Exegesis as Prayer
I have long thought that ruminating on the Word of God to be an act of worship. For those who have read my book (with John Mark Hicks) Kingdom Come they will recall an emphasis on Lectio Divina which is a form of prayer using Scripture. Since I have also come to believe that the glorification of God and the sanctification of life constitute the ultimate reason for biblical interpretation I have come to the conclusion that exegesis itself is an expression of prayer.
I recently read an article by Clifton Black titled "Exegesis as Prayer" in The Princeton Seminary Review (vol 33.2 , 131-145). This is not the typical article for a scholarly journal but it was extremely refreshing. Some of the reflection of this post grew in response to that piece I read a month or so ago. Black makes the startling observation that while previous generations were afraid of appearing to "loose" ours is afraid of appearing to "pious." This is especially true, amazingly, of biblical scholars. Yet if exegesis is prayer, and I believe it is, there are three prayerful dispositions for the exegete, these dispositions prepare the interpreter to both hear and be shaped by God.
A Disposition For Holiness
"Who is like You, O LORD, majestic in holiness?" (Exodus 15.11). To interpret Scripture with a disposition for holiness means to release our narcissistic grip on magistry and to reclaim the opposite which is a vocation for ministry. Humility is not self-degradation but surrender of one's self before God's word becoming like the soil from which we were created that is fertile and needs mulching. There is something starkly ironic with the sight of one who is full of knowledge but has no sign of Christian hygiene. To quote Black, "Few spectacles are more ridiculous, or more pathetic, than a seminar whose members beat the hell into one another over differing interpretations of the love command in John."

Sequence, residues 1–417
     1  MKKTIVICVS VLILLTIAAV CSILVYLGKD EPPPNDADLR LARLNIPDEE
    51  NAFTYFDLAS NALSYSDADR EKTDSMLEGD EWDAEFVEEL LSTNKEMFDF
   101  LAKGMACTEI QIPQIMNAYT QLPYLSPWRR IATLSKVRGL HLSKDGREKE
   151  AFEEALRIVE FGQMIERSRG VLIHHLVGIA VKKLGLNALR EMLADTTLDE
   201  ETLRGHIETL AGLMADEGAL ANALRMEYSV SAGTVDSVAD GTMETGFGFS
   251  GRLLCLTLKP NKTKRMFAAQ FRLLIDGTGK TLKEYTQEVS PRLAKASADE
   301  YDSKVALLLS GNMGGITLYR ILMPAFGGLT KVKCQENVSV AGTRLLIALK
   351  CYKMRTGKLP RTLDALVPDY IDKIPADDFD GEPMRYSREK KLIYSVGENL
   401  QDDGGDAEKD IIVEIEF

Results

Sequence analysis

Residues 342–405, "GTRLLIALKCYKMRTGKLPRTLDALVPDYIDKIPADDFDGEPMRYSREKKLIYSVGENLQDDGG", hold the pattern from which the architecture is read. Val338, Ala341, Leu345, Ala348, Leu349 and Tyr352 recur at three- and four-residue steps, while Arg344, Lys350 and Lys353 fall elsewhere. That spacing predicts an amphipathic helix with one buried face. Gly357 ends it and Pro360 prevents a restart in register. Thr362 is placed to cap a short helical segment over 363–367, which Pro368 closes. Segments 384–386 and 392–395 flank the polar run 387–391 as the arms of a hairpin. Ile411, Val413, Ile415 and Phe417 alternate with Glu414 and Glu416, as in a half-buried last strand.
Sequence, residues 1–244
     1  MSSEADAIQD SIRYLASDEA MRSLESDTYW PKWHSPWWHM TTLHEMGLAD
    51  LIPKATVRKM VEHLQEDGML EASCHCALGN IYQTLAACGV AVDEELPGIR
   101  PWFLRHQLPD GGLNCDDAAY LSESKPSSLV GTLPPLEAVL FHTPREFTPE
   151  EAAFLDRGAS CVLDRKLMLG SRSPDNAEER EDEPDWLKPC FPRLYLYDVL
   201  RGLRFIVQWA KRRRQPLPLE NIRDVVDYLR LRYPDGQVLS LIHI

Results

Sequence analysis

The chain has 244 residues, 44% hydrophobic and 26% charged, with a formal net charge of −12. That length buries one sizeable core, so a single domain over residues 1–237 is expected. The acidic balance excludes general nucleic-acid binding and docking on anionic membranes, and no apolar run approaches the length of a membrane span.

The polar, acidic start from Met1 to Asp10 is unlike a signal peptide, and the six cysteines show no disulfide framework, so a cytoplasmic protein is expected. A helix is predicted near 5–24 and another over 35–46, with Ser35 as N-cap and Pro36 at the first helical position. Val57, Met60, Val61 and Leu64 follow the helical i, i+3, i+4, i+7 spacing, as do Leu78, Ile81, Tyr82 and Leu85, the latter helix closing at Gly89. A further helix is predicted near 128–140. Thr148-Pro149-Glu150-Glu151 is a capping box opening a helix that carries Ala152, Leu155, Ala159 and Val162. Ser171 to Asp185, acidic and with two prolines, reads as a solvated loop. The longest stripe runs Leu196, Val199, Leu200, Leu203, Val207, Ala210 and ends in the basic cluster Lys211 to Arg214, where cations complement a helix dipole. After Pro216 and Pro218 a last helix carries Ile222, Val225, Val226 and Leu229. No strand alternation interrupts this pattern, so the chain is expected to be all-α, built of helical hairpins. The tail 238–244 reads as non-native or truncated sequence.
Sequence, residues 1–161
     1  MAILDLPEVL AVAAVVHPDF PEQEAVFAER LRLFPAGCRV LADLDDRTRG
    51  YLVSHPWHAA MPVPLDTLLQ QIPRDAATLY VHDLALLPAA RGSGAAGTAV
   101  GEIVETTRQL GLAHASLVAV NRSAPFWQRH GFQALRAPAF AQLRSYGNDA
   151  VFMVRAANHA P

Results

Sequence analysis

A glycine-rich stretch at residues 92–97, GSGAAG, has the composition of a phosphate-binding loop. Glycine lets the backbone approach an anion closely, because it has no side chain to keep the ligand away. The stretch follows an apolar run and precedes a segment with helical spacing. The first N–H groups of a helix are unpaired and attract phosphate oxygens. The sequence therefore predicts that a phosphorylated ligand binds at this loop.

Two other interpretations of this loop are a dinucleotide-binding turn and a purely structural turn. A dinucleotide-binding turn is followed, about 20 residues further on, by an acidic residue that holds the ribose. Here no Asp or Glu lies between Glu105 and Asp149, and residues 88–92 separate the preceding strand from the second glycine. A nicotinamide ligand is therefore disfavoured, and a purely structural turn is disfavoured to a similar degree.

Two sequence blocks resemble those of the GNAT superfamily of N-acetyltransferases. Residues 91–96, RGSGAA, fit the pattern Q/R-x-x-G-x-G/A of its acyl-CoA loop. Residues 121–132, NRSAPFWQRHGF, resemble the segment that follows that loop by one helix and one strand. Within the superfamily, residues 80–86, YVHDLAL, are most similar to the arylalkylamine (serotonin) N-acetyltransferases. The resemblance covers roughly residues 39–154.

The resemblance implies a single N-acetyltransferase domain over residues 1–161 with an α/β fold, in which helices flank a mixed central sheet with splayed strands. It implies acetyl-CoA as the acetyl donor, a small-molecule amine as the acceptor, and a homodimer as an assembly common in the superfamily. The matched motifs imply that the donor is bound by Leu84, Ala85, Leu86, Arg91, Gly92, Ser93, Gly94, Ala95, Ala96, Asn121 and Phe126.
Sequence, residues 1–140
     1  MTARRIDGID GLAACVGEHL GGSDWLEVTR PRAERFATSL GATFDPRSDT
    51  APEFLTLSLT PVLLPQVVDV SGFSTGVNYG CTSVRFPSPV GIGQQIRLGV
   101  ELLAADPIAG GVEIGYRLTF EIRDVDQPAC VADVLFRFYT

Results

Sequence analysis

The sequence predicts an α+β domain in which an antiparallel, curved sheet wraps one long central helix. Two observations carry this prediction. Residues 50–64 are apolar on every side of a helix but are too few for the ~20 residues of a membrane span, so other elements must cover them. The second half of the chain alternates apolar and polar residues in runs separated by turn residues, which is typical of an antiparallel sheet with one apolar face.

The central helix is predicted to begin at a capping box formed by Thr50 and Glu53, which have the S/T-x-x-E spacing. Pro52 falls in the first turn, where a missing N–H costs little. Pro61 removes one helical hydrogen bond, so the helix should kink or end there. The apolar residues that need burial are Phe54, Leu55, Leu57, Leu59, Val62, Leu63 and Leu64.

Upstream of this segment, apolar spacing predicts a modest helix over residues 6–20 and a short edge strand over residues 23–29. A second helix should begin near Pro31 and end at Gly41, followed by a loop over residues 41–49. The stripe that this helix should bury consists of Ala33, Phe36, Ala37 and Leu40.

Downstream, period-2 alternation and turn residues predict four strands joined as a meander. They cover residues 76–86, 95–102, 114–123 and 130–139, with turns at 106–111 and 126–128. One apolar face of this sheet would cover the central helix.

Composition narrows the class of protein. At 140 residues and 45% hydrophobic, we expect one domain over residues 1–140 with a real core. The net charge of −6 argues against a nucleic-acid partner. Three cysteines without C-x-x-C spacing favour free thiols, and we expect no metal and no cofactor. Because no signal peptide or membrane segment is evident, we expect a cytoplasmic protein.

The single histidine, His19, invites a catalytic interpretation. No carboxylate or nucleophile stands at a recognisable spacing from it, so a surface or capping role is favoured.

We come in awe of the holy. We do not quantify that holiness rather it is a mystery. We risk consumption by the holy Love that is a Tiger, not a teddy bear (cf. Hebrews 4.11-13).
A Disposition for Realignment
"For you have died , and your life has been hidden with Christ in God" (Col. 3.3). "For the LORD is your life" (Deut. 30.20). Exegesis in the shadow of the Crucified One remembers the People of God, from and for who Scripture was created. Cruciform exegesis resembles petitionary prayer in this respect: if serious, its practitioner is inextricably bound up with its fulfillment (cf. Matt 25.31-46). Life is linked to interpretation. We do not know or understand the text until it realigns our lives. We come to the text with the prayerful attitude that the Lord is our life.
A Disposition for Praise
"My soul proclaims the greatness of the LORD" (Luke 1.46). Exegesis is hard to justify if it does not culminate in gratitude and adoration. Anthony Bloom once wrote that "All the food of this world is divine love made edible" (School for Prayer, p. 41). The same is true for knowledge that feeds the mind and spirit. Merely admiring the skill of Psalmist or rhetoric of the Hebrew's Preacher simply engages aesthetic faculties. Prayerful exegesis takes place when the beauty of Scripture seizes our soul; when "My God!" is the only thing worth saying. The beauty of Scripture is that it reveals the greatest and most loving of Fathers in the Universe. Interpretation finds its goal in our burst in joyful praise. God's word has then penetrated our hearts.
Just some random thoughts from the Stoned-Campbell Disciple.
Soli Deo gloria,